With Rombauer's thrilling victory in the Preakness Stakes, there will be no run for the Triple Crown at next month's Belmont Stakes, but the mile-and-a-half race could provide some fireworks of its own.
A number of quality racehorses who were held out of the first two jewels in horse racing's most popular series, as well as some Kentucky Derby entries who skipped the Preakness, are likely to be in the field on June 5.
With three weeks between races, there is likely to be a lot more conversation than commitments over the next several days.
It won't, however, stop speculation from flying around horse racing circles, including here, about the makeup of the field.
Horses that ran in the Derby but were not entered in the Preakness will have a break of five weeks between starts - a normal gap for three-year-olds and the kind of rhythm they had in the prep series qualifying races.
Weyburn, the winner of the Gotham Stakes at Aqueduct in New York at 42/1 odds, was pointed to the Belmont shortly after his fourth-place finish in the Wood Memorial, despite his connections paying a late nomination fee for the Kentucky Derby following the Gotham win.
The Wood Memorial winner at 72/1 odds, Bourbonic, finished 13th in the Kentucky Derby, so it will remain to be seen if his handlers feel as if he can be competitive in the Belmont.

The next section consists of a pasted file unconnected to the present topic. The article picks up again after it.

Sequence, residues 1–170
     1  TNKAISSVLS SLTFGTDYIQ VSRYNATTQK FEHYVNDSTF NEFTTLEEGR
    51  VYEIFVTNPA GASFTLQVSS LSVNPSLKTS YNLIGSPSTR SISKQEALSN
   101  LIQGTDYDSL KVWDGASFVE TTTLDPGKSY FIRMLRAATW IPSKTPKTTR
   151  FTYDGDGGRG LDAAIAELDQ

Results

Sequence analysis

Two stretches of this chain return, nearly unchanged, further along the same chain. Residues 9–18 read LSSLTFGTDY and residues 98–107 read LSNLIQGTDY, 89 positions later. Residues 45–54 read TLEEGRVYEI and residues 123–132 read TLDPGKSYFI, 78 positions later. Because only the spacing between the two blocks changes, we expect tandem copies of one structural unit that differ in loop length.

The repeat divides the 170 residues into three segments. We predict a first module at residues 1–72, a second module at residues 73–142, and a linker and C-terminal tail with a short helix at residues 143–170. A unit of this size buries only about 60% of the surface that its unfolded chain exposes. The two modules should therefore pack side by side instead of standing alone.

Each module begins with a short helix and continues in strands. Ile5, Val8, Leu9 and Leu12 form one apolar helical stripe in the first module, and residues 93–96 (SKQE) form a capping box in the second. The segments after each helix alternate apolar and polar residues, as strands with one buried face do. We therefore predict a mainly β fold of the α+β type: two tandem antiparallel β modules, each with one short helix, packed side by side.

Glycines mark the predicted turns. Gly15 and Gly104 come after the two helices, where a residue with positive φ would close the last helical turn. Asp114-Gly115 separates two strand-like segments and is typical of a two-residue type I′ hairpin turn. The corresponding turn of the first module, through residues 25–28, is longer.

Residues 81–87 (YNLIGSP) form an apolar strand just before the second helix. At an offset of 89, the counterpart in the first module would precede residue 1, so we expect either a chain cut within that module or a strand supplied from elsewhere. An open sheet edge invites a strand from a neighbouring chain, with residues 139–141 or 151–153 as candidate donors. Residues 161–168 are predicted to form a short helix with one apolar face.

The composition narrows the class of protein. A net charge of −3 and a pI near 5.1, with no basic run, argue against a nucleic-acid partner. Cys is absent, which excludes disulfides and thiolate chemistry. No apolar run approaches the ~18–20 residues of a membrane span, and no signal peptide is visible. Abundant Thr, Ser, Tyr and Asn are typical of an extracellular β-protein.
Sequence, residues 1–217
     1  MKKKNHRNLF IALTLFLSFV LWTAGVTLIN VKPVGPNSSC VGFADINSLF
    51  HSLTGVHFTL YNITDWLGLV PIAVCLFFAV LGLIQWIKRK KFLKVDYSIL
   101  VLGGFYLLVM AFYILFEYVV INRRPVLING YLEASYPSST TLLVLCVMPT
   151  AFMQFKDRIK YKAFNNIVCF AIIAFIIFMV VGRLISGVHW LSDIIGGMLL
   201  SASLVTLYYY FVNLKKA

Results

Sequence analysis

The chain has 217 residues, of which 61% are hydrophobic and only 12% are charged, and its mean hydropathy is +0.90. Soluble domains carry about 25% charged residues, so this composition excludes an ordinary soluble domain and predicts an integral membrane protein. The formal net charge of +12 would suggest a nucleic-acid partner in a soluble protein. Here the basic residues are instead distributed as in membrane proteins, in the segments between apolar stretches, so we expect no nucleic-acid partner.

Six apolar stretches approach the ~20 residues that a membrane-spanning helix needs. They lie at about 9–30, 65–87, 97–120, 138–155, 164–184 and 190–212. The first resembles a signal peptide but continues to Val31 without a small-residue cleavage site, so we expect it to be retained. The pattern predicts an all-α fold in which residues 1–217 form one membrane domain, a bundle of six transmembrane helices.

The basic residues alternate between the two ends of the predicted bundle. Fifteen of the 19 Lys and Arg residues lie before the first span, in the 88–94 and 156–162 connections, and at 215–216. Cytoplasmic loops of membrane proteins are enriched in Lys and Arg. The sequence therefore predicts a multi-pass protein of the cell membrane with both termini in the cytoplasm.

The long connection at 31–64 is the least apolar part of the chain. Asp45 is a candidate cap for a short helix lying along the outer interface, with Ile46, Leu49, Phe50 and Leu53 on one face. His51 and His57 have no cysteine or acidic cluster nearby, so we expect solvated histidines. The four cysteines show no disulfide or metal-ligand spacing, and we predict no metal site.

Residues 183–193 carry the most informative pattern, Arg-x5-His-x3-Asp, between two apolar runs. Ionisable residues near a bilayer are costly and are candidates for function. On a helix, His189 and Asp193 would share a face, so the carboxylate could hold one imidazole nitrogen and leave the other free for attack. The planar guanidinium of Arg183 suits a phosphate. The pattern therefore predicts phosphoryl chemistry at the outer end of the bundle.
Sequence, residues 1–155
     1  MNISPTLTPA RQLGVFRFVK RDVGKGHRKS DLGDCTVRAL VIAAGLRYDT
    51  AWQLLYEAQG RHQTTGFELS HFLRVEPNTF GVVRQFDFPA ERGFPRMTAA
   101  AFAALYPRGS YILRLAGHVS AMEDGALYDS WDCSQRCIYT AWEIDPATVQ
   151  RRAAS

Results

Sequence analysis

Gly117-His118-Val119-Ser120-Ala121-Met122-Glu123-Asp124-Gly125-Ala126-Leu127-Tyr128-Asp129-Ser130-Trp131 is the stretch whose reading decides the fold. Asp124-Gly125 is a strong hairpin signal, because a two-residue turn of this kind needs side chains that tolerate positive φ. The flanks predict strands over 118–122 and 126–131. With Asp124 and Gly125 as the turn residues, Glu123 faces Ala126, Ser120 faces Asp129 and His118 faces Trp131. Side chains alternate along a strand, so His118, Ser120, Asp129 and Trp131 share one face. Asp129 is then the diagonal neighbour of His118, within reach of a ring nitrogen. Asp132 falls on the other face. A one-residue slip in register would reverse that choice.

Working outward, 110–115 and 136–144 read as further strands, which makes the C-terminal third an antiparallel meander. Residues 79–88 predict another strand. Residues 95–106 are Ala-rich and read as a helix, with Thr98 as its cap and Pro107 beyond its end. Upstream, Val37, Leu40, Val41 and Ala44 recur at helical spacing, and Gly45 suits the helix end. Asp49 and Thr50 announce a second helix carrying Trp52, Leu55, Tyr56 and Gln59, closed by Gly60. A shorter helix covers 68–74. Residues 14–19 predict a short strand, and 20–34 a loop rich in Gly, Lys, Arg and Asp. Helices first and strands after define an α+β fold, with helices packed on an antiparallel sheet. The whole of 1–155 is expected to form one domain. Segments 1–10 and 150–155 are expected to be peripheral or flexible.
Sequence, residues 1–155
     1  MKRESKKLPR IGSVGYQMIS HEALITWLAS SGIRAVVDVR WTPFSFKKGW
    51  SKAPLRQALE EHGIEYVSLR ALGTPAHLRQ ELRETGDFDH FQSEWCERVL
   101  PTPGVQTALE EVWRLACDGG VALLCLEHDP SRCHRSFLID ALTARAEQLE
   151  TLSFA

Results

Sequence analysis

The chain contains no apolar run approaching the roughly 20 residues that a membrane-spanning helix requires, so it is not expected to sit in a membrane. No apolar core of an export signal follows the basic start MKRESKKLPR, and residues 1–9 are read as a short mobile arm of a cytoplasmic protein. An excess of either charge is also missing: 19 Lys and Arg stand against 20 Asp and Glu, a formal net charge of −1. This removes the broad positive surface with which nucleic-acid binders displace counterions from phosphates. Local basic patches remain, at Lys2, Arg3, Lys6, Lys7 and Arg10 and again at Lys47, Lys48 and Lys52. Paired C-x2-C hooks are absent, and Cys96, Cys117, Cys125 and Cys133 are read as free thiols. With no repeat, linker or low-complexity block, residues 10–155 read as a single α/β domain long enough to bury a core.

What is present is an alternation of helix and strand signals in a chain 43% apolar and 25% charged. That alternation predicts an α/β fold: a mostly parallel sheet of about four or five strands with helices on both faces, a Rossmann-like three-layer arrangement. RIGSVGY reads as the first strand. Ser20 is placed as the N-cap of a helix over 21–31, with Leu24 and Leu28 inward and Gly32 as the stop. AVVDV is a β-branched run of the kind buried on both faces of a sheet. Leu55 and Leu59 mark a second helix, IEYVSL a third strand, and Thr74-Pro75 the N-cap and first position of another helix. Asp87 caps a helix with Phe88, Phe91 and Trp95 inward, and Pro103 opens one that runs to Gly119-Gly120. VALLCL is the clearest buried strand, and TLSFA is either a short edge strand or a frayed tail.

Trainer Brad Cox prospects
Trainer Brad Cox had a pair of entries finish in the top four at Churchill Downs and had another one that could have run in the first two races but was left out of both of them.
Mandaloun, who has a good chance of becoming the Derby winner, depending on the outcome of the Medina Spirit betametasone issue, and Essential Quality, the favourite in the Kentucky Derby, could reemerge as top betting choices in the Belmont.
Caddo River, the third Cox hopeful, could also end up in the field, which could become fairly sizable because of the depth and balance of this year's group of three-year-olds.
Bob Baffert's choices
In the Preakness, Baffert's Concert Tour never really got going, and eventually, either tired or seasoned jockey Mike Smith decided not to push him on his way to a ninth-place finish.
The Preakness winner
As for Rombauer, trainer Michael McCarthy indicated after the Preakness that the staying power of his horse might make him a good candidate to run at the longer distance of the Belmont.
There is a good chance that we will see at least one horse with a chance to win two of the three Triple Crown races.